Meira Hanson, Ran Raviv, and David Dunetz
29.05.22, 16:12, Calcalist (the original in Hebrew)
One of the challenges of central importance in formulating Israel’s energy policy is integrating tackling the climate crisis while taking into account the basic needs of those living in poverty. Solutions that do not take into account such social implications, are liable to cause significant harm and are also often not politically feasible.
The Prime Minister’s declaration at the UN Climate Change Conference in Glasgow, on Israel’s commitment to zero carbon emissions, issues of climate resilience, and transitioning to renewable energies – which are beginning to receive the government attention they deserve – prove that the Israeli public and public system have begun to internalize the fact that the climate crisis is already here.
Although Israel is lagging behind industrialized countries in the world, it is already in the ignition stage of transitioning to renewable energies. According to government plans, we were already supposed to be at the peak of the transition. Yet even the modest goal established by the Israeli government (30% renewables energy by 2030) remains distant, due to the conduct of the various state authorities responsible for its achievement.
One of the challenges of central importance is to integrate tackling the climate crisis and taking into account the basic needs of people living in poverty while recognizing that energy is a basic existential right.
In the rapid transition to renewable energies, as required by Israel’s commitment to the UN 2030 Agenda for Sustainable Development Goals (SDGs), the government must adopt an energy policy that reduces societal economic disparities. The overarching principle of the 17 goals that the Israeli government undertook to incorporate into its strategic planning processes in 2019, is unequivocal: to constitute a useful indicator of a just social and economic policy, without leaving anyone behind. In practice, poverty eradication is the initial target for SDGs.
What would our energy policy look like if it were required to contribute to the eradication of poverty in Israel, and to a concrete goal like halving the number of people living below the poverty line by 2030? Macro-analyses of the energy economy in Israel indicate that for the State of Israel to transition to renewable energy, it must slow down its rising rate of consumption and enable the renewable energy economy to catch up with growing demand.
Encouraging efficiency and change in modes of energy consumption entails a necessary change in the means of managing the electricity economy: from the current state of encouraging consumption to the perception of energy as a scarce commodity that must be managed accordingly. This conceptual shift will require an increase in the cost of electricity, which is currently low compared to many countries. Yet under the current conditions, raising the cost of electricity will harm many low-income families, which would constitute an unfair process likely to face public protest. A solution proposed by the Heschel Center for Sustainability is to shift to a differential tariff model, which would integrate the goals of ensuring clean and sustainable energy for all residents, along with energy efficiency and tackling the climate crisis.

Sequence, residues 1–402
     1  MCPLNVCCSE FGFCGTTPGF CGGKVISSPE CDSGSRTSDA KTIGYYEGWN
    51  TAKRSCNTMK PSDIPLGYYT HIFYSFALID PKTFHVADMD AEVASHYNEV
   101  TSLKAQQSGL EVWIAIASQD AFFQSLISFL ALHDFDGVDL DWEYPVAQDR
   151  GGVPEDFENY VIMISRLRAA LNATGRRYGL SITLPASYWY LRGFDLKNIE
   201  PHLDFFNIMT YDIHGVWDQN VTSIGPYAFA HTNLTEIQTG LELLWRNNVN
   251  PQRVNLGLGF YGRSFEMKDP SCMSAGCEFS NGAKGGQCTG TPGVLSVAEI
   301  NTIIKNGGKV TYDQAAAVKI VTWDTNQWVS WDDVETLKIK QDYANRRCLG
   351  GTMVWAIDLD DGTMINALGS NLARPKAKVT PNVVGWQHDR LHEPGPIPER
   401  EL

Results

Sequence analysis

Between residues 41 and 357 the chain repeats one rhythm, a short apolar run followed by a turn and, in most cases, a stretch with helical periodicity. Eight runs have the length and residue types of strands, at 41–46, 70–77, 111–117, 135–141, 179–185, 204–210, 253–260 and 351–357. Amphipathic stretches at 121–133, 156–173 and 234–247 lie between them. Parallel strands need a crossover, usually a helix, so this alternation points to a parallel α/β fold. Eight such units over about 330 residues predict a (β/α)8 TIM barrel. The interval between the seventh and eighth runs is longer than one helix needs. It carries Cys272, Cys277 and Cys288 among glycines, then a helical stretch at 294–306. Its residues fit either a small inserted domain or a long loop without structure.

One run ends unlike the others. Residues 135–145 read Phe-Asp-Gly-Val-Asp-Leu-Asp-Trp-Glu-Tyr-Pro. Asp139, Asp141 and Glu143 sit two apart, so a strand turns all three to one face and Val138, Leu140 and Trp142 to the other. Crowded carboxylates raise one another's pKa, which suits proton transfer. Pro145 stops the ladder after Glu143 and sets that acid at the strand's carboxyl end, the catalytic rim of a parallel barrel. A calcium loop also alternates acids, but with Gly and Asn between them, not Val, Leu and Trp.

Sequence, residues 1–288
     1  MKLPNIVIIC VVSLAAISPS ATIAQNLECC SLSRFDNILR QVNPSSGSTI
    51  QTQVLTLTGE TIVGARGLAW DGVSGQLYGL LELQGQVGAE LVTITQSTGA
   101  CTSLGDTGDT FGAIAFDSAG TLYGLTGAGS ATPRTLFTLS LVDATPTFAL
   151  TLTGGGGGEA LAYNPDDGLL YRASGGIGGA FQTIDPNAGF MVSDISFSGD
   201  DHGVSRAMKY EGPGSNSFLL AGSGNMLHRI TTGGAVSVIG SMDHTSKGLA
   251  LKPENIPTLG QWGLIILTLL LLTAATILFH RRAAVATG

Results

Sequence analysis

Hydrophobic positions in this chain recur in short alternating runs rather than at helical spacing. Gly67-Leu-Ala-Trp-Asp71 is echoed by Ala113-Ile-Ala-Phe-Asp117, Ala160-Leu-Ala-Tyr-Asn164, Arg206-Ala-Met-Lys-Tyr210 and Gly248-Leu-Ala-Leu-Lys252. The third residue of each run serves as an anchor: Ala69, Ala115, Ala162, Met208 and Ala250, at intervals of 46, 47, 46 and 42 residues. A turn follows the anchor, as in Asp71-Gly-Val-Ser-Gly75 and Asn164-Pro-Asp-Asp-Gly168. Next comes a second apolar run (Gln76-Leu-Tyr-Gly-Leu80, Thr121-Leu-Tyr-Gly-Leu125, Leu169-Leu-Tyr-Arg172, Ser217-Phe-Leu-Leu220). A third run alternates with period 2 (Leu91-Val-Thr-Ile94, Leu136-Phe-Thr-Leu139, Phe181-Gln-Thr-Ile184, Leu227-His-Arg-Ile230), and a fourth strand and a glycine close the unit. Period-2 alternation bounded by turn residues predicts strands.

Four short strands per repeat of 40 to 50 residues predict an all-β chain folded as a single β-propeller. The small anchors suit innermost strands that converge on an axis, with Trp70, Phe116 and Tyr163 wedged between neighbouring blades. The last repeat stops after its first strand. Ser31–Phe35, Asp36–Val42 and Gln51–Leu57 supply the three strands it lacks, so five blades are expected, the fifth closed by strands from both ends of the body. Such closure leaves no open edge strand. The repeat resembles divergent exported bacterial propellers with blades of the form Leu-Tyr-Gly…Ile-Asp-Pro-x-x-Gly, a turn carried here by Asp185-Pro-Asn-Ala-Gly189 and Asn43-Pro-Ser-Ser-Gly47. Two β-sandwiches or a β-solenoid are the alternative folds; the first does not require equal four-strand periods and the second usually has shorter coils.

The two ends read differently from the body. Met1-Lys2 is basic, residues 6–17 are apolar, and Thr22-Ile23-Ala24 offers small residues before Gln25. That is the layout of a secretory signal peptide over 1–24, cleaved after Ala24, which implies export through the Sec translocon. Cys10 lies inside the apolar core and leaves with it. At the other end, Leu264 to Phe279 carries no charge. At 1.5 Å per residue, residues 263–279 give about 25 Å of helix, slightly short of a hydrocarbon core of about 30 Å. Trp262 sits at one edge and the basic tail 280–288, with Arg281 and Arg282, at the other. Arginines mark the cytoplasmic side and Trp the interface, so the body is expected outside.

Similar to water bills, electricity bills will also be calculated according to a differential tariff. The lower level will ensure electricity at a low price in accordance with an amount adapted to consumption – contingent on the number of people in the household – taking into account the growing need to contend with extreme weather events. The increase in prices will be reflected in greater degrees of consumption, in order to encourage more efficient consumption.
In this sense, any citizen may enjoy a low electricity bill, without necessitating proof or meeting certain criteria. Consumer choices will impact the size of electricity bills, including the size of the apartment and the number of appliances. Beyond the use of differential electricity, of course, green building standards must be adopted along with investment in renovating apartments to meet “green” standards.
Faster and more efficient solutions that promote energy-efficient policies may surely be proposed. Yet solutions that do not take into account the social consequences or different communities’ diverse needs – especially those of often transparent people – are liable to cause a great deal of harm and are often also not politically feasible.
In an age of climate crisis and transition to renewable energies, the use of sustainable global goals, as an outline and framework, may help formulate beneficial and fair policy measures that promote the common good and even contribute to reducing social disparities.
Meira Hanson, Ran Raviv and David Dunetz work at the Heschel Center for Sustainability and are partners in the NZO project (a national program to transition toward renewable energy), and civil society’s Agenda 2030 Coalition to promote the UN’s Sustainable Development Goals, in collaboration with the organizations Itach-Maaki – Women Lawyers for Social Justice and Civic Leadership.